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[av_heading heading=’RURAL UPDATE | First historical street marker for Mandurriao’ tag=’h3′ style=’blockquote modern-quote’ size=” subheading_active=’subheading_below’ subheading_size=’15’ padding=’10’ color=” custom_font=”]
BY JOHNNY NOVERA
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Tuesday, March 21, 2017
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FURTHER to our column last week on Writing History in our Streets (WHS), we are pleased to report now that we will start to put up our first historical street marker in Mandurriao for Quirico Abeto Street. Punong Barangay Arsenio J. Garbanto Sr. has approved to build it in front of his barangay hall at the Western corner of WV Medical Center compound.
Considering the length of Q. Abeto Street that extends up to Barangay Taft, Mandurriao, at the Mandurriao-Jaro Bridge to Jaro District, a reader suggests that we put up another Abeto marker mid-way, say somewhere at Megaworld’s Iloilo Business Park. We will look into this idea once we finish with the first marker and have a good model and estimate of the cost.
Also, may we inquire from the Bureau of Internal Revenue (BIR) if donations to build street markers like this can qualify as a tax-deductible expense? What documents do we submit? We plan in the Committee to look for sponsors especially from the civic and business sector to spread the idea and install more of these historical street markers to many other areas.
We are taking up as our next project Roman Mapa Street running also eastward from the southern corner of Mandurriao Plaza, passing in front of Mandurriao Elementary School, Megaworld’s Iloilo Business Park and to Barangay Tabucan up to the Iloilo Esplanade at the foot of Carpenter Bridge towards Molo district.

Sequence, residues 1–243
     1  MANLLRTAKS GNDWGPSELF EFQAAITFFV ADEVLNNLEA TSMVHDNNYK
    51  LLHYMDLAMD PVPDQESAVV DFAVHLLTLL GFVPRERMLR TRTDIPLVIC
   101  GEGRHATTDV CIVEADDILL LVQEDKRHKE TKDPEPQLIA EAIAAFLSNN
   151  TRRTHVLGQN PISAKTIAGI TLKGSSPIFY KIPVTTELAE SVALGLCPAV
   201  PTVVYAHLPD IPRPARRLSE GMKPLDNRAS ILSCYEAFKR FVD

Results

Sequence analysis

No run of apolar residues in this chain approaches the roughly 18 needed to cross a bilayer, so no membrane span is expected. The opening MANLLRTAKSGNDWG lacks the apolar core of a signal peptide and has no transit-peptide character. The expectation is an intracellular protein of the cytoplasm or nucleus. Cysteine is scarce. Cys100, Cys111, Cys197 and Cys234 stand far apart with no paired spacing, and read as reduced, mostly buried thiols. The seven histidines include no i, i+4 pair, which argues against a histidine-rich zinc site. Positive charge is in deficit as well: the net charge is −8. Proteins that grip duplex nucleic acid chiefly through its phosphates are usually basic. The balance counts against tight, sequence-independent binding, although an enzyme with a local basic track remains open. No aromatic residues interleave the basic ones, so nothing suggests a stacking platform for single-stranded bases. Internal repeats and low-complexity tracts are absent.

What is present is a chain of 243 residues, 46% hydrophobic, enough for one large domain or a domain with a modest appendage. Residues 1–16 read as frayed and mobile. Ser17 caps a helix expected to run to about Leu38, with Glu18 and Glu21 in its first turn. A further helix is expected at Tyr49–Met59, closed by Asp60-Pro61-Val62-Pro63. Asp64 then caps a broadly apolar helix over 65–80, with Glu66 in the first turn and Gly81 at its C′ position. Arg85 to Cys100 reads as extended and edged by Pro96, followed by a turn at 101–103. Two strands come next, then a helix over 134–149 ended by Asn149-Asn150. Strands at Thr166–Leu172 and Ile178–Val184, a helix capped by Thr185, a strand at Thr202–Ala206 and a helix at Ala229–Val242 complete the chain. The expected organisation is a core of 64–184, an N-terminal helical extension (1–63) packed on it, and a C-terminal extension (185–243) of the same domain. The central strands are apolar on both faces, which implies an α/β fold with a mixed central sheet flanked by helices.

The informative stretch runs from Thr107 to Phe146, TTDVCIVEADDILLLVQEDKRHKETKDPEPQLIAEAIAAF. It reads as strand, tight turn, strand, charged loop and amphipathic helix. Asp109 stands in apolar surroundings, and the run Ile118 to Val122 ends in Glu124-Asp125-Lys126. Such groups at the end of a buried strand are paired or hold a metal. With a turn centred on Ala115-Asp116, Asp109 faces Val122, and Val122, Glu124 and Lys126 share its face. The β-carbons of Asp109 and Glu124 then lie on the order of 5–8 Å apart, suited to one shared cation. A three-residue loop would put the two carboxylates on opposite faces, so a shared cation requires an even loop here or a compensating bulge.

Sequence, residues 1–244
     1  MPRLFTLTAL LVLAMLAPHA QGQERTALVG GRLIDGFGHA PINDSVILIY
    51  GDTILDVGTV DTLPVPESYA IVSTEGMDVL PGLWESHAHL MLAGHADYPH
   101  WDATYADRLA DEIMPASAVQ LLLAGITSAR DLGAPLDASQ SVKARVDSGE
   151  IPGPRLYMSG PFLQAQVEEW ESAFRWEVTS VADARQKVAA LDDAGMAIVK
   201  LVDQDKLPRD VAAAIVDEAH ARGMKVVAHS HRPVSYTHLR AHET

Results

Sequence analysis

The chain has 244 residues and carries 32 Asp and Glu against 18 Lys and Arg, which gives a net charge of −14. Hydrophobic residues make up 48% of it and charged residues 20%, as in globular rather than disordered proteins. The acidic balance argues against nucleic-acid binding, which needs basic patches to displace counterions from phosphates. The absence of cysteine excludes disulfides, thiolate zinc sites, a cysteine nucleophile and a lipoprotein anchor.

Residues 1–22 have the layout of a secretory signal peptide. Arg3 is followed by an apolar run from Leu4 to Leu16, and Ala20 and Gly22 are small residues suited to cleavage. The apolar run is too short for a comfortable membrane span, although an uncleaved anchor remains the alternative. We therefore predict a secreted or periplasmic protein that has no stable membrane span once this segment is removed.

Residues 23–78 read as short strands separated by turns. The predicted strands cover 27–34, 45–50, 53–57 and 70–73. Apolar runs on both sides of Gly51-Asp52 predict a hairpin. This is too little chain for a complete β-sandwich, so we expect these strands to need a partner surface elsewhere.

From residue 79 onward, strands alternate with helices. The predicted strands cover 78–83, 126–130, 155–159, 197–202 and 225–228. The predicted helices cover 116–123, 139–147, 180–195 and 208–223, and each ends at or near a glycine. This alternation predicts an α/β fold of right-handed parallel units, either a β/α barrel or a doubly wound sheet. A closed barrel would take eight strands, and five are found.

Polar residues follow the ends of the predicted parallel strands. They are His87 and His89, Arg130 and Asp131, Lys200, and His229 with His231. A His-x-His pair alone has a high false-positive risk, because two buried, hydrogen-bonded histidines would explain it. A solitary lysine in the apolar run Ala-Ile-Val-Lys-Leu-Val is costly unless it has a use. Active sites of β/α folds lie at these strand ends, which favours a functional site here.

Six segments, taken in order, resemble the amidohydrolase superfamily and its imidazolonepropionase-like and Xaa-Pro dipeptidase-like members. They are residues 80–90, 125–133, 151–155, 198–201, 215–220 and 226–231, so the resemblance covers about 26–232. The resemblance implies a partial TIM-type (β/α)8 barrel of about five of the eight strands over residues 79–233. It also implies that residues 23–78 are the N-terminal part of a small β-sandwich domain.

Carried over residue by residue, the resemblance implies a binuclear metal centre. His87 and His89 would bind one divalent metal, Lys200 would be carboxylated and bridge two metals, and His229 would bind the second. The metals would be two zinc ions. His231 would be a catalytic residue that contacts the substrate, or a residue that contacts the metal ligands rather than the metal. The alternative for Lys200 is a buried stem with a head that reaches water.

We have met with Kapitan Manuel J. Solinap Jr. of Barangay Airport who has jurisdiction over R. Mapa Street. We are happy to report that he liked this street marker idea and readily gave his approval to put up one for R. Mapa Street which runs across his barangay. In our conversation, he gave us a hint of what he knew of Roman Mapa for whom the street was named. He said Mapa was a Catholic priest in the parish of Mandurriao.
While we promptly endorsed to committee member Analiza M. Padernal the job for her history class at A. Mirasol Memorial School to do the research, we cannot help being curious why a priest was honored with a street named after him in his parish. What good deed had he rendered to the community outside of church service?
When we visited the parish office in Mandurriao last week, we asked to look into their archives and confirmed that there was indeed a Fr. Roman Mapa who served as the second parish priest of the diocese after Fr. Gervacio Gallofin who opened the church in Mandurriao. There were no dates mentioned of the years they served but Mandurriao is an old parish founded back in the early 19th century, so it could be in the 1920s or even before that.
Other priests who served Mandurriao during the pre-war years were Fathers Pedro Tingson, Pedro Velasco, Nicolas Valencia, Ciriaco Serrano, Mansueto Zabala, and Santiago Castañeda but there were no records either of their specific years of service.
The first priest in the long list whose terms were in the records started with Fr. Diosdado Parreñas (1934-38); Msgr. Melecio Fegarido (1938-39); Fr. Fernando Buenaflor (1939-40); then Fr. Casiano Ureta (1940-41) or until the war broke out.
But we think that naming more priests that served in Mandurriao parish is outside the issue. It is about Fr. Roman Mapa that we promised to tell you more in our next column based on the research of our student historians, and why a street was named in his honor.
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